Colorado Gov. John Hickenlooper (D) has asked the state's attorney general to look into the historic recall elections taking place near Colorado Springs after a Republican activist changed his residency so he could vote in the recall election of Senate President John Morse (D) over his support of gun control legislation in the state.
Jon Caldara, president of right-wing think tank Independence Institute, which was involved in fighting the package of gun bills that were signed into law earlier this year in Colorado, switched his residency over the weekend from Boulder to El Paso County so he could vote in the Morse recall election.
Caldara wound up turning in a blank recall ballot, but his vote, which is being characterized as a "political stunt," has gotten the attention of Hickenlooper.
“We are hearing disturbing reports that some people are being encouraged to go to the polls, not to legitimately vote, but to disrupt the process," Hickenlooper said in a statement on Monday. "That would be unlawful and makes a mockery of the democratic process. We urge the county clerks in Pueblo and El Paso counties to make clear that people engaged in attempting to disrupt the elections are open to criminal prosecution. We’ve also reached out to the Attorney General to help us ensure fair elections take place this week.”
Morse and Sen. Angela Giron, both Democrats, face recall elections -- the first-ever of lawmakers in Colorado -- this Tuesday for their support of gun laws passed earlier in 2013 which included a 15-round limit on ammunition magazines and universal background checks for all private gun sales and transfers.
Caldara, who still maintains a residence in Boulder, has said that he is renting a room in Morse's Senate district near Colorado Springs on a week-to-week basis, but considers his new address his permanent residence.
"I'll see what the town is like," Caldara said. "I've heard great things about it. I'm looking forward to checking out Colorado Springs."
Deputy Secretary of State Suzanne Staiert said that if Caldara's intent is to make El Paso County his legal residence then he's not breaking the law.
And while some call what Caldara did as simply "stunt," others say it's illegal and that he should be charged with a felony.
"Jon Caldara is making a joke out of very serious election law, and he's just plain wrong about how election law works," said Amy Runyon-Harms, executive director of Democratic political group ProgressNow Colorado, in a statement. "Caldara says he's going to 'check out' Colorado Springs while he rents week to week from a former Republican legislator. That's a tourist, not a resident. The fact is, Jon Caldara lives in Boulder, not in Colorado Springs, and he is wilfully committing a felony by attesting otherwise--even if it's a 'political stunt.'"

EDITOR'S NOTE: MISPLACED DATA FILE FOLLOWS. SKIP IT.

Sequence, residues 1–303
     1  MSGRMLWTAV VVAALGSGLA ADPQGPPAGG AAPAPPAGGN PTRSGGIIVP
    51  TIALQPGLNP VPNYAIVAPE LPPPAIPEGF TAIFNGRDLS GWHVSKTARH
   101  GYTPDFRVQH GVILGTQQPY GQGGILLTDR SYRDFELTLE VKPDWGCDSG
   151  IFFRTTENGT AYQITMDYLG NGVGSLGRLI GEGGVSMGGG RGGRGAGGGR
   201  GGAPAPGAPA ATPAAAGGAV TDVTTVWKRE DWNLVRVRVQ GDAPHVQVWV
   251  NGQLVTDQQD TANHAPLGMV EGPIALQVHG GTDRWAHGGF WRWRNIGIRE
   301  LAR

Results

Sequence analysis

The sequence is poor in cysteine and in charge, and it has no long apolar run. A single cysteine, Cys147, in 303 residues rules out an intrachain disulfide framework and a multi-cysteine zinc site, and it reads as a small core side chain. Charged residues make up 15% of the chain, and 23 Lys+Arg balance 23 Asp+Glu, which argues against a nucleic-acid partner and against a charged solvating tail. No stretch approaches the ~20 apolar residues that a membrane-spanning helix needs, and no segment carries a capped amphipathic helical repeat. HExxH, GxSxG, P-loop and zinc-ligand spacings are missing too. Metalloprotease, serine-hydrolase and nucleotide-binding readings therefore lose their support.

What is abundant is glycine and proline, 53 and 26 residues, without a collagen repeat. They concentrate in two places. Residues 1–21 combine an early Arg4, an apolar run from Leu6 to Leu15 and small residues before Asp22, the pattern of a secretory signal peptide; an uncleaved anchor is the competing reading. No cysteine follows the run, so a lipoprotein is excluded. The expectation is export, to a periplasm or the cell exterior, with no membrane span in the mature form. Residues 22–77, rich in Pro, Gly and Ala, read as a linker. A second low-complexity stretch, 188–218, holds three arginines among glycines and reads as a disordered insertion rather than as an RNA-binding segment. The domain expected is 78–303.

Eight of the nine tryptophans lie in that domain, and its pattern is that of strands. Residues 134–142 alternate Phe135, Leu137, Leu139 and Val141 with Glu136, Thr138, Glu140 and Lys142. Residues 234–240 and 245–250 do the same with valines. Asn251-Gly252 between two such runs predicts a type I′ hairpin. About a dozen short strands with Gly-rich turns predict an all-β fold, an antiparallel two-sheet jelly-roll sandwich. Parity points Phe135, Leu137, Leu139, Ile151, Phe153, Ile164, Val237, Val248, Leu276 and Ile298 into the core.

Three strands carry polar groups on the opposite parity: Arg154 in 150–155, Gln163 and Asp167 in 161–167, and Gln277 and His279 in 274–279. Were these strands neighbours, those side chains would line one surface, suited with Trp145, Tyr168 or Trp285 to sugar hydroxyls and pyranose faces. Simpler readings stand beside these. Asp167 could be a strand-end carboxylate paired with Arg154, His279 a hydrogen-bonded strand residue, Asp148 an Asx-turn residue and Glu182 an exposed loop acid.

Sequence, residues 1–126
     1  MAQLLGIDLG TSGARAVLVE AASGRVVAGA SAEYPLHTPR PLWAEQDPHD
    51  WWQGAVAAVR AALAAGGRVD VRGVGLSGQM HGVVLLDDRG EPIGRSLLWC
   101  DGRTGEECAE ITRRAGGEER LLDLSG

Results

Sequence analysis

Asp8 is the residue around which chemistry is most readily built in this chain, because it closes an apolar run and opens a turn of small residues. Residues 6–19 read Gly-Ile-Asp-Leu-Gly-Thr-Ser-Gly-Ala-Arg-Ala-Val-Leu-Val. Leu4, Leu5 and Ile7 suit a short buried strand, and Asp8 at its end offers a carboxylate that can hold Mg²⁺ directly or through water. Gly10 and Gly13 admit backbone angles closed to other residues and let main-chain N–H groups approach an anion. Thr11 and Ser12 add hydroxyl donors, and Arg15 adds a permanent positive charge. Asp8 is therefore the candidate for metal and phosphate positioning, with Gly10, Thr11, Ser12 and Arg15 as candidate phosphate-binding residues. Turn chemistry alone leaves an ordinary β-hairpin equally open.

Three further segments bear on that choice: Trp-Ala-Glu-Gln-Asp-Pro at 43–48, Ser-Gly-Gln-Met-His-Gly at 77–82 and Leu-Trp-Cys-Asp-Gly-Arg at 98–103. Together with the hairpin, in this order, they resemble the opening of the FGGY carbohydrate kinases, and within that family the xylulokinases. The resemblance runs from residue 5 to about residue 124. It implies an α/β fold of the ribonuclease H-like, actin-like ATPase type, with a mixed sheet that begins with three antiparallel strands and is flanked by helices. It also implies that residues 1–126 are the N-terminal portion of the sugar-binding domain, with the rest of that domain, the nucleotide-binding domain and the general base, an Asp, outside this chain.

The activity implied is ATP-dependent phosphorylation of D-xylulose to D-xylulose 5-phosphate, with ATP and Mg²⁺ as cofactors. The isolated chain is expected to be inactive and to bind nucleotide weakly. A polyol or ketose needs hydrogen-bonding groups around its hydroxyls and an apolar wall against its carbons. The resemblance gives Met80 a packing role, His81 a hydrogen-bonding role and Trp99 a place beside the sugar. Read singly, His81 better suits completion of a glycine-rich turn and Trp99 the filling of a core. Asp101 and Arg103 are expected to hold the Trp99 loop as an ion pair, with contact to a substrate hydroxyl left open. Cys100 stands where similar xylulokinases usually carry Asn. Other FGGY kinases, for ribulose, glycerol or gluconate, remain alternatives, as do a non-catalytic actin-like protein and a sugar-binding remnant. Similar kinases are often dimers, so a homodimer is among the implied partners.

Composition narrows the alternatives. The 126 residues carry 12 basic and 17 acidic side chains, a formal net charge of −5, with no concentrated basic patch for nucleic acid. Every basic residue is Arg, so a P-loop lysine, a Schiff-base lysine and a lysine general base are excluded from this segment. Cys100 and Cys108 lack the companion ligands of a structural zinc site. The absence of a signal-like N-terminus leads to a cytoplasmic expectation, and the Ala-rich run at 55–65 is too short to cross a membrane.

In participating in the recall election, Caldara claims that he was simply pointing out a loophole in a new election law (HB-1303) passed by state Democrats and signed by Hickenlooper that changed residency requirements. Caldara claims the new legislation is flawed.
Caldara has made no secret of his opposition to the gun bills and his hope that the recall elections of two prominent Democratic lawmakers over their support of such laws would produce an environment so hostile that lawmakers would hesitate to support gun control legislation around the nation.
"If the president of the Senate in Colorado gets knocked out, there will be a shudder -- a wave of fear -- that runs across every state legislator across the country that says, 'I ain't doing that ever. That is not happening to me. I will not become a national embarrassment.' That's how big this is," Caldara said in August in a video obtained by ColoradoPols.
"It's ironic that the man who says he wants 'a wave of fear' from these recalls is afraid to fill out his fraudulent ballot, but he clearly wants to challenge the law," said Runyon-Harms. "So let's see who wins in court. Charge him."
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1981: The Attempted Assassination Of President Ronald Reagan